Two of fastest-growing cities in the U.S. lie less than 300 miles apart in the American southwest. Las Vegas and Phoenix, ranked third and seventh respectively in population growth from 2000 to 2012, also happen to be two of the biggest U.S. cities not linked by an interstate highway.
There are those who would like to change that. In fact, Nevada and Arizona recently wrapped up a two-year study that examined the possibility of building Interstate-11 from the U.S.-Mexico border in Arizona to the U.S.-Canada border.
“It’s necessary to continue to look at this,” said Sondra Rosenberg, I-11 project manager for the Nevada Department of Transportation. “There’s absolutely justified investment in further study.”
Lance Jungmeyer, president of the Fresh Produce Association of the Americas, Nogales, Ariz., said I-11 could do for transportation in the western United States what I-35 has done for in the middle of North America — create an international trade corridor.
Although the overall goal is broad, linking three countries, Rosenberg said the states are viewing the project in smaller segments. Linking Phoenix and Las Vegas is one of the top priorities, but Nogales to Phoenix also is a focal point.
“It would be a way to get produce from Nogales to Las Vegas a lot quicker,” Jungmeyer said. “Las Vegas is a huge food destination.”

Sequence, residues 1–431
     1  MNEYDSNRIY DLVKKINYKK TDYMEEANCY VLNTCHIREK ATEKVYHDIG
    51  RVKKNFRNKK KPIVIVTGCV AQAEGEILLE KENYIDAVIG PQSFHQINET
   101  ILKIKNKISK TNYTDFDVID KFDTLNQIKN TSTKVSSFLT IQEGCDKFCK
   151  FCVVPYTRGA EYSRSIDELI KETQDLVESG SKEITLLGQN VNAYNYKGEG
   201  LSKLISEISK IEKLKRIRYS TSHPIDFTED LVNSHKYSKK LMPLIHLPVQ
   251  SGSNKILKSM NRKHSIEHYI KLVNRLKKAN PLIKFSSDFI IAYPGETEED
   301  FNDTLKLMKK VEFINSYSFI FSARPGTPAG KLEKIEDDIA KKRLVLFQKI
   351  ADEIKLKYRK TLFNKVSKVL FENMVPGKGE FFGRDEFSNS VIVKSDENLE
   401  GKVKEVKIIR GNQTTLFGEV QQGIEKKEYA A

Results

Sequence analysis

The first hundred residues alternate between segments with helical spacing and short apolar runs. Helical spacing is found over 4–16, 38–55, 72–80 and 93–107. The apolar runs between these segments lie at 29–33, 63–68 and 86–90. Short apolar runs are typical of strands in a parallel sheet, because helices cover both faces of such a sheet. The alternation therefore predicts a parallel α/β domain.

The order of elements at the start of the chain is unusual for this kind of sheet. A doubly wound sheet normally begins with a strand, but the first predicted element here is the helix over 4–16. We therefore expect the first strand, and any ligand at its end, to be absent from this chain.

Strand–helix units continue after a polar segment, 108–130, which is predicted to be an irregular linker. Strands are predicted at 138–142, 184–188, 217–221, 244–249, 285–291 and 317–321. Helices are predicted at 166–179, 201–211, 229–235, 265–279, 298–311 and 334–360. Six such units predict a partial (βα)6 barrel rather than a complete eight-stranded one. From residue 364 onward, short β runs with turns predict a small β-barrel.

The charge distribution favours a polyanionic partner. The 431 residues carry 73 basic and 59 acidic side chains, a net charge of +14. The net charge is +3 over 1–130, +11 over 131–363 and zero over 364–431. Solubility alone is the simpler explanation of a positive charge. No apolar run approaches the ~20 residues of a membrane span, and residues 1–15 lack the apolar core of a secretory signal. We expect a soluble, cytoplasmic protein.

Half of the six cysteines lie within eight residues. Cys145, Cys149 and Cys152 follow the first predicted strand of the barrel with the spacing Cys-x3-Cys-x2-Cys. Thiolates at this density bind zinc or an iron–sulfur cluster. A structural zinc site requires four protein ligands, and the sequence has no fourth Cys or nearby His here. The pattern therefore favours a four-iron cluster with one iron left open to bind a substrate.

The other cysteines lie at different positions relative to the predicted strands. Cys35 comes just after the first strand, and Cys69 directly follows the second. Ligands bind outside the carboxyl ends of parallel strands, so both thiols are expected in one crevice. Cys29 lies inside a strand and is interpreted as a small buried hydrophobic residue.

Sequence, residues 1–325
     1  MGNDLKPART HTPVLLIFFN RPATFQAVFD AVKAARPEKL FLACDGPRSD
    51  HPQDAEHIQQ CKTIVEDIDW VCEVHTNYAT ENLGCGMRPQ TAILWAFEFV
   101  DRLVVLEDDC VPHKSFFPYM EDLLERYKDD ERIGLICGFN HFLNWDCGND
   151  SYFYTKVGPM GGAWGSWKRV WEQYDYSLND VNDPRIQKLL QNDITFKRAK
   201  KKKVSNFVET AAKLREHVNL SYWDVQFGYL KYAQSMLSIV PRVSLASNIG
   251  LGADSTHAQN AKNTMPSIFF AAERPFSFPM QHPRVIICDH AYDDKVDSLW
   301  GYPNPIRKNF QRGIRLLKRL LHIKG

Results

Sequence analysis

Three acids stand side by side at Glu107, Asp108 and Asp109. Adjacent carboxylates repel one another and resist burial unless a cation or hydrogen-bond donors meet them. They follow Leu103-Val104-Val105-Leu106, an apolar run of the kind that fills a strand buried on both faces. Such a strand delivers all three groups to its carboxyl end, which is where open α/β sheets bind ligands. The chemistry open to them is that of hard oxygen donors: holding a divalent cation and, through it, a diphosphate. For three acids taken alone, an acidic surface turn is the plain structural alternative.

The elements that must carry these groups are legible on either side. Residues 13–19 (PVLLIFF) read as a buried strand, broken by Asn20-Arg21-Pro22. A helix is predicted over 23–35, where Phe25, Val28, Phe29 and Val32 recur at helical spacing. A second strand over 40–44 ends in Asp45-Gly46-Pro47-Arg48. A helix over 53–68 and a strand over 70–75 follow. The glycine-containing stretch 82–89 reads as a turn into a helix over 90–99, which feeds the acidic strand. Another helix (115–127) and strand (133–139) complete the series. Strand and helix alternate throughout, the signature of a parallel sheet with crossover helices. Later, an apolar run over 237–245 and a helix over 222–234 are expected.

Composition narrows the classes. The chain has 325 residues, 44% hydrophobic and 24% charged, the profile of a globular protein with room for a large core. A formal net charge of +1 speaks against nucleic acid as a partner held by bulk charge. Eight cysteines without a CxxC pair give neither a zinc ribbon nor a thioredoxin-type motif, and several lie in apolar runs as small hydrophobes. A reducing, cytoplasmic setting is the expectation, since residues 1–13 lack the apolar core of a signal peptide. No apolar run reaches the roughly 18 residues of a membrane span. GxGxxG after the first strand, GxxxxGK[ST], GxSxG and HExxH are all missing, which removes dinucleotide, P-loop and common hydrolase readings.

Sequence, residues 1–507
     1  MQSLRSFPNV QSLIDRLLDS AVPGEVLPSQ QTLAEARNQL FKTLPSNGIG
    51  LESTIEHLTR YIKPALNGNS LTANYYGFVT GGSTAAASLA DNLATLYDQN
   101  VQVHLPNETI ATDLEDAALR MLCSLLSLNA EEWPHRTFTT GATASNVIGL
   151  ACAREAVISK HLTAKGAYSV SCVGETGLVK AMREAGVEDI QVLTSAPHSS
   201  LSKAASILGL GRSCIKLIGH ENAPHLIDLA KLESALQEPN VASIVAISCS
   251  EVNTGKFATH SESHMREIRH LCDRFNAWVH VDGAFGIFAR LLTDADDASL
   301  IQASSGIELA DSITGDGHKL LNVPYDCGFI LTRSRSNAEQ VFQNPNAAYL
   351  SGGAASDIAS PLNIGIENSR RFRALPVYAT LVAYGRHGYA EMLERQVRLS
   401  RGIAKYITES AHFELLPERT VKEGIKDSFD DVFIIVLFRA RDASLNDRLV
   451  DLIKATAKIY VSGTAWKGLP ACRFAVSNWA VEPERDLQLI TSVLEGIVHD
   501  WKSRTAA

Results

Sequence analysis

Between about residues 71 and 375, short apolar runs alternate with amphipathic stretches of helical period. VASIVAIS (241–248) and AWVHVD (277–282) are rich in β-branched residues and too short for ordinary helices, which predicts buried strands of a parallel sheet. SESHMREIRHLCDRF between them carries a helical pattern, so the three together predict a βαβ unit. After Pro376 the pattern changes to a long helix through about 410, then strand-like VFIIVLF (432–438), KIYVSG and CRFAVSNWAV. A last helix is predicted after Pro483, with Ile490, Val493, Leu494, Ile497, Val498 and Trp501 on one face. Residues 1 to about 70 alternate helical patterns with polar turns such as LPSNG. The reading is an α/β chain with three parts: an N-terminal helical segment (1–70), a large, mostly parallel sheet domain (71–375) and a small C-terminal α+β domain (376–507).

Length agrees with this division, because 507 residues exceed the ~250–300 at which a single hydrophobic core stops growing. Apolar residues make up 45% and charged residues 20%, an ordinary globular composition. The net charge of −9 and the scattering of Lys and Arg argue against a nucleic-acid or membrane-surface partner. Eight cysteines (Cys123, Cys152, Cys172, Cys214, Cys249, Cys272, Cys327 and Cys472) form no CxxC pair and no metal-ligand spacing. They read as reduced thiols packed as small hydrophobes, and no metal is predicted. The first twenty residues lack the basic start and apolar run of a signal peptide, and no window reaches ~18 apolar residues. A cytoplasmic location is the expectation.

Having a north-south interstate also would expedite shipments that now must often travel to Los Angeles and through congested California highways to make their way north.
“It’s not a good way to move produce,” Jungmeyer said.
Fixing the problem, he said, could take decades.
Rosenberg said there are constraints that must be overcome, including environmental concerns and land ownership issues. She said that makes it likely that building I-11 would involve upgrading existing roads to interstate standards rather than designing and implementing new totally new construction, which would require even more significant resources and involve more property complications.
That means the creation of I-11 likely would involve upgrading U.S. 93 between Phoenix and Las Vegas and U.S. 95 from Vegas to Reno.
“U.S. 93 is not true freeway,” Rosenberg said. “As you go through small towns, there are still stoplights and stop signs.”
U.S. 93 used to be a two-lane road with passing lanes, but the highway has been gradually improved and expanded in Arizona, and there are plans to make it a four-lane divided highway. The road still has access control issues, she said.